Come now upon an online review of a “new” previously unpublished novel, The Man who Lived Underground, by Richard Wright, published 2021 (written 1941or so), and next thing I knew I was at the library and the book fell into my hands. I read it in a day, it was better than I anticipated in some areas but even in the not quite as good areas it zipped along, furious, in and out of urban surrealism.
Brought to mind Miss Peebles. And it was an iconic university in the middle of a world city. Talking to her before class, talking not about the American writer, Richard Wright, although then we were studying Native Son, because her body had me studying, in and out of urban surrealism.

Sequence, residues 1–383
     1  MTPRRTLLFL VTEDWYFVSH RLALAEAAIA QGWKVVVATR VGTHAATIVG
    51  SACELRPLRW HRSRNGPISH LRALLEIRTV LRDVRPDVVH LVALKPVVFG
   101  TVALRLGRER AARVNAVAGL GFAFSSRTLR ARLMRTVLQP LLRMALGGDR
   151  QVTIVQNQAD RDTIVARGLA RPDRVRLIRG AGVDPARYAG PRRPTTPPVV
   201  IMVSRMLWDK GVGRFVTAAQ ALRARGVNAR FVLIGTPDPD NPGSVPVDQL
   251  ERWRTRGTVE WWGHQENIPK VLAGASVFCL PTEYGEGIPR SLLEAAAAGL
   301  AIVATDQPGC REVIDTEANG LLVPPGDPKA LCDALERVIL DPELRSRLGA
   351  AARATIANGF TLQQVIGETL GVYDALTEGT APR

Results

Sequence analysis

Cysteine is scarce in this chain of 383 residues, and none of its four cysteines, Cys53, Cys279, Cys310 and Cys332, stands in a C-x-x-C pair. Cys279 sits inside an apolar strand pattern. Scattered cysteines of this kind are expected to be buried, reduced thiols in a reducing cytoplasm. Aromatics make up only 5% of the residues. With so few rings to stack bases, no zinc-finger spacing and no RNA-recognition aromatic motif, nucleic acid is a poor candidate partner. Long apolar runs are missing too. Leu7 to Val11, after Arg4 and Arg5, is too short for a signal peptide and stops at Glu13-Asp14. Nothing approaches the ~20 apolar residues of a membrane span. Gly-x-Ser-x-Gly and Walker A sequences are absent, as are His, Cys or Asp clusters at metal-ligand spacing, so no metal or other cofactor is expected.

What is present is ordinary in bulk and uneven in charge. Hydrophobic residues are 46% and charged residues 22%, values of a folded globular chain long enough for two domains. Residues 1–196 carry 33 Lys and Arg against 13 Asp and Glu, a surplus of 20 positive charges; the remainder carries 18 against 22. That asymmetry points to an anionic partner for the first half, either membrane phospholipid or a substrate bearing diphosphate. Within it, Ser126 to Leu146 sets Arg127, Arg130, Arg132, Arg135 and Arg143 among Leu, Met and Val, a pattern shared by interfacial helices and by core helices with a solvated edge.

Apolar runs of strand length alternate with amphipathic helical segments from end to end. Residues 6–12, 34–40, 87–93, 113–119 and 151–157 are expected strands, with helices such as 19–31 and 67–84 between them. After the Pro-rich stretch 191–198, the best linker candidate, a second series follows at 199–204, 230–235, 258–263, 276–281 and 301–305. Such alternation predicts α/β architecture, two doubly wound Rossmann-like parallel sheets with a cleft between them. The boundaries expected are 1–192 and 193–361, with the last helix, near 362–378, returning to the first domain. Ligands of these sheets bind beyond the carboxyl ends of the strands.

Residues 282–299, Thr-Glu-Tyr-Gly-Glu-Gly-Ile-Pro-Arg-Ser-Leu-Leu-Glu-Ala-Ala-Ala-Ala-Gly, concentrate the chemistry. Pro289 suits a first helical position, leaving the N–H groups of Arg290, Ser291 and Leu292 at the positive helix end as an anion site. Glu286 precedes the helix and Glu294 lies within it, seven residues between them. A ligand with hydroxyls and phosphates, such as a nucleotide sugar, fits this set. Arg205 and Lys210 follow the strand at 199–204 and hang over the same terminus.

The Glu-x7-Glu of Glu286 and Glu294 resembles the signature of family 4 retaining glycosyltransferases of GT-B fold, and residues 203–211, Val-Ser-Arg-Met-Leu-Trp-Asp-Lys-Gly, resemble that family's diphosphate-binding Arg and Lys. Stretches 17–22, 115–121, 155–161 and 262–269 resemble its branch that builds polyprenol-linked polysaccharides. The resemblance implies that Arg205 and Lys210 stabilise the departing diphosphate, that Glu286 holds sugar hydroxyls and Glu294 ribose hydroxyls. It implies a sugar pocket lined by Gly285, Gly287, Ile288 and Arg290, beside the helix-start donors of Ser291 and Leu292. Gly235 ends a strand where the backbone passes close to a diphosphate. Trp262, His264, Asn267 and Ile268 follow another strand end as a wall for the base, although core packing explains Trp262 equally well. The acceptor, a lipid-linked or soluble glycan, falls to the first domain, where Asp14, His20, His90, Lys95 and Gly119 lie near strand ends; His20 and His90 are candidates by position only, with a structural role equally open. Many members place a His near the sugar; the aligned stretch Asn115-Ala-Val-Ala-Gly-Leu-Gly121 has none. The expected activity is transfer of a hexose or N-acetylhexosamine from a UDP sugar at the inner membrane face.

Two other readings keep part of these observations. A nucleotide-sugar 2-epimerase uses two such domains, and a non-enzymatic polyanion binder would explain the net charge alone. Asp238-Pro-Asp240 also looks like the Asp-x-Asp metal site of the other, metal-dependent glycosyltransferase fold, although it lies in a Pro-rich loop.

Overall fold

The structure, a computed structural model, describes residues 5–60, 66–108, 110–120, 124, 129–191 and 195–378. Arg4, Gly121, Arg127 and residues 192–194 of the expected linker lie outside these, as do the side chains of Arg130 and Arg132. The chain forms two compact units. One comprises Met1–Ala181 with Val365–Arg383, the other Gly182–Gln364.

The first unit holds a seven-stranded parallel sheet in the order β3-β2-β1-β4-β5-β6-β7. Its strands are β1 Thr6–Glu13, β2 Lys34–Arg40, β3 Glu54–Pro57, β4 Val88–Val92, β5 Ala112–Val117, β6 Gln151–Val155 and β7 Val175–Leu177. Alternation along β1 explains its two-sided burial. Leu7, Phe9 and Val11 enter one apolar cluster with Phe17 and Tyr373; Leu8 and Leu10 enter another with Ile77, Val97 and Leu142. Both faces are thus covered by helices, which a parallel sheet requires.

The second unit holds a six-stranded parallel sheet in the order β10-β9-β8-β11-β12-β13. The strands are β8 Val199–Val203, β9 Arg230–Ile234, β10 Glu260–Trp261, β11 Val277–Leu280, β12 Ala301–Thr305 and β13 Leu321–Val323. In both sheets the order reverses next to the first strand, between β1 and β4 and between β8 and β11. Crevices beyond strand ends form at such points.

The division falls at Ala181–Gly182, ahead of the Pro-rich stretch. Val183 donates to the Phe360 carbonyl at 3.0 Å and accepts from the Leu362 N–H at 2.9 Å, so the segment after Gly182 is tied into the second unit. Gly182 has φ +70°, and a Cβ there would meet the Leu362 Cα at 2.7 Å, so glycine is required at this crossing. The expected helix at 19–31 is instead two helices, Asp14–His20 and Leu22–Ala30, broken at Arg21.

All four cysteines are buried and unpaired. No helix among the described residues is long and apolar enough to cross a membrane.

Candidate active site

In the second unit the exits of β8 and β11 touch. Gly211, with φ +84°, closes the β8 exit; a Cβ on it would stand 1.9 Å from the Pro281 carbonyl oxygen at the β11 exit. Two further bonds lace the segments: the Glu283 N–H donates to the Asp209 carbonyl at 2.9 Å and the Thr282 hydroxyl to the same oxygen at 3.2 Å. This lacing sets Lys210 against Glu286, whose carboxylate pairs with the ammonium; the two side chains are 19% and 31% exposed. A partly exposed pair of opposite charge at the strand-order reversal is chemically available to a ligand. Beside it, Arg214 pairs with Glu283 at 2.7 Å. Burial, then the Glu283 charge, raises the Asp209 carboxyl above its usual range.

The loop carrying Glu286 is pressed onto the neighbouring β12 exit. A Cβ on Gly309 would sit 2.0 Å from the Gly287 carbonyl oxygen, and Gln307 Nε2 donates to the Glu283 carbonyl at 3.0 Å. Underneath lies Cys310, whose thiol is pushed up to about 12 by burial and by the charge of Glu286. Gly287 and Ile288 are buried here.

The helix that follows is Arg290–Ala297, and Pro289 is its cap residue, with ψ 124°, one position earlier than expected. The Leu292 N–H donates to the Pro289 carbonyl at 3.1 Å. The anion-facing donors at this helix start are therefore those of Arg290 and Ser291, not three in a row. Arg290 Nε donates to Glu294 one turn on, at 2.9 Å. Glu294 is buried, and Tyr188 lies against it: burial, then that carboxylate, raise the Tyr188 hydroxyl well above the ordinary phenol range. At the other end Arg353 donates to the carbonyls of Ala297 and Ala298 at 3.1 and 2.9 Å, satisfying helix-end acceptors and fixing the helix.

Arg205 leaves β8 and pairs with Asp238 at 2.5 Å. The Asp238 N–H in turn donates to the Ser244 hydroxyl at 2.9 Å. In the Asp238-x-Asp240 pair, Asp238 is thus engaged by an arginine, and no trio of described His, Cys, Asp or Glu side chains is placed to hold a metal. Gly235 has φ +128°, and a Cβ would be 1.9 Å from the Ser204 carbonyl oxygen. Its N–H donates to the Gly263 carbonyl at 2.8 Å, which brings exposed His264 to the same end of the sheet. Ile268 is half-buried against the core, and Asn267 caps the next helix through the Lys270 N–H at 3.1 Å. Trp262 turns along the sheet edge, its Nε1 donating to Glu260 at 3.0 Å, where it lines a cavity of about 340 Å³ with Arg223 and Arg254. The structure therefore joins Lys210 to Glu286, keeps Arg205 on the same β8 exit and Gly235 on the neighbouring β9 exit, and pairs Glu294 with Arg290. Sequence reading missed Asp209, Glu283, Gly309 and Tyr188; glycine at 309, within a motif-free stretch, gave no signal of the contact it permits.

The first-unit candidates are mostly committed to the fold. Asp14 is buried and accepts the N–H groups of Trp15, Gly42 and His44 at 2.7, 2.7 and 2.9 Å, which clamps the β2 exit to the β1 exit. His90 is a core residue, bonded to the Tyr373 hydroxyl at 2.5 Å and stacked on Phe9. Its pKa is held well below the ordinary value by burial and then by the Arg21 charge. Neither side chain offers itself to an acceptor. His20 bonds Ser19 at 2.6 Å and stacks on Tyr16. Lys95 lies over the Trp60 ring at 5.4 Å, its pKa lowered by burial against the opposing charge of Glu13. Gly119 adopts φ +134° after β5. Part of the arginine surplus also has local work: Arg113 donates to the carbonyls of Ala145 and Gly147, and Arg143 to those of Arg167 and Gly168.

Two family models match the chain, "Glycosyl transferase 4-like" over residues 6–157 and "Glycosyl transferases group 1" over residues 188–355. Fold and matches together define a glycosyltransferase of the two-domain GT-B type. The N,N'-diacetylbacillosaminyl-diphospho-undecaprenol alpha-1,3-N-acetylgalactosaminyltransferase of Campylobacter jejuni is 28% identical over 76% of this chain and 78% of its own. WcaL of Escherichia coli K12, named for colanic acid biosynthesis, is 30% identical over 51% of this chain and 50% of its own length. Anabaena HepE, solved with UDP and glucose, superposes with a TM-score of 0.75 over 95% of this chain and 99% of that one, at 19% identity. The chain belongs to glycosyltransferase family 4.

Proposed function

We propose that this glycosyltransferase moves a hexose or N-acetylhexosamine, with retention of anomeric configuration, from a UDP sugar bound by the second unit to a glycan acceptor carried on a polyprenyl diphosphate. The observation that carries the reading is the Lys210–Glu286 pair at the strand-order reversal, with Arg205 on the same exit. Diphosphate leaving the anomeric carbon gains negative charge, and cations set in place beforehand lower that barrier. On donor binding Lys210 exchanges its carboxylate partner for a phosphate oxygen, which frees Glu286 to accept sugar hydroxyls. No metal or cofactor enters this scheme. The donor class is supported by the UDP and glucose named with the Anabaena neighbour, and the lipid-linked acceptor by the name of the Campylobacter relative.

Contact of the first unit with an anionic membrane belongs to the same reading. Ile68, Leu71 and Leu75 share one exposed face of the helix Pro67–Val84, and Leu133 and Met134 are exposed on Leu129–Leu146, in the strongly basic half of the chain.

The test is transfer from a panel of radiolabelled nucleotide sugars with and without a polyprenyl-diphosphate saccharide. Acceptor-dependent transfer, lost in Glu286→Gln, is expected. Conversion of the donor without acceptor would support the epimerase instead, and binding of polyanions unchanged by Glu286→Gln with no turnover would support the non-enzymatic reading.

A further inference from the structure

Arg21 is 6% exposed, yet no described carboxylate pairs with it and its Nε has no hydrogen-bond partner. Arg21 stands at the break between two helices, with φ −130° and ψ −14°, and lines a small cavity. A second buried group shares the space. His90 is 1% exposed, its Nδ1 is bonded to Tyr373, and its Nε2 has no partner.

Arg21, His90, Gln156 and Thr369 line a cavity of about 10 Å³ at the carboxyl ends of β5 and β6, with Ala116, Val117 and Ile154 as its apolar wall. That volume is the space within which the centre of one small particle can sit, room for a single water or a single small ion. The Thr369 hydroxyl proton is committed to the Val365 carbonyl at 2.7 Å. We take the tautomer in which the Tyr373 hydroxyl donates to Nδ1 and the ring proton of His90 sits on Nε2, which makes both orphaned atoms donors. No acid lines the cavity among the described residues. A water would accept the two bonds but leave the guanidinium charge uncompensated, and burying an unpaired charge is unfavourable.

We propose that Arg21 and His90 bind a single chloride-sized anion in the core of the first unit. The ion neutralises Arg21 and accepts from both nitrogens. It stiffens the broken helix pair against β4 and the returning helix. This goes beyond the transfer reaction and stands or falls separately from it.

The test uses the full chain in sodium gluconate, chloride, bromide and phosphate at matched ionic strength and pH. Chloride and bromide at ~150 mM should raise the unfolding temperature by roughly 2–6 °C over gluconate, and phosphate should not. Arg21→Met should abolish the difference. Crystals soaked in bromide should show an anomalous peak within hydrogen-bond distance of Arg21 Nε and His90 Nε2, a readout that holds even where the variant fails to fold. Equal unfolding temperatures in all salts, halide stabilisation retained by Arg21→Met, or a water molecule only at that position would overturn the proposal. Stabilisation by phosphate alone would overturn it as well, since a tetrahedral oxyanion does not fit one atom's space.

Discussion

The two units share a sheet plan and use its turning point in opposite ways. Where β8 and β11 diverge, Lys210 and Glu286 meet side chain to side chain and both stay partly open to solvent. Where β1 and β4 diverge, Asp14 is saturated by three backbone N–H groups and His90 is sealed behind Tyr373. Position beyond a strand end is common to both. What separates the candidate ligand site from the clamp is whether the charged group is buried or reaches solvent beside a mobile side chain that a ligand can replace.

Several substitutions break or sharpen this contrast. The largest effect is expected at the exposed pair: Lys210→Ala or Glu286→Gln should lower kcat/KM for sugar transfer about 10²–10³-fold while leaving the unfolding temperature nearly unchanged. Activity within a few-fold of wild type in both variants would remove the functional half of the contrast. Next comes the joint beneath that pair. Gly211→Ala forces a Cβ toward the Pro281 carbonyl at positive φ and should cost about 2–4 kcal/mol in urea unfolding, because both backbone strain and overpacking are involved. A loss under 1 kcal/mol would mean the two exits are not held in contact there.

Back in them days the professor of “Black Studies 410, Harlem Renaissance and Beyond” was all Mister this or Miss that and we students addressed each other similarly, just to be unbelievably clever. Miss Peebles I’m sure had a cool first name.
Come now upon Haiku, by the selfsame Richard Wright, written in 1960 and prior, four thousand of them, from which 817 were collected and published in 1998. Among my favorites:
17 In a misty rain A butterfly is riding The tail of a cow. 204 To see the spring sky A doll in a store window Leans far to one side. 366 A cow is licking With long slow strokes of her tongue, Spring rain from her thigh. 423 Settling on the screen Of the crowded movie house, A white butterfly. 451 As though sleepwalking, A gray cat crosses the sand In a yellow moonlight. 484 The horse’s hot piss Scalds a fragile nest of ants In a sea of foam. 673 A flood of spring rain Searching into drying grasses Finds a lost doll 708 A wild winter wind Is tearing itself to shreds On barbed-wire fences. 715 Before blossoming A cherry bud looks eager, As if about to speak.
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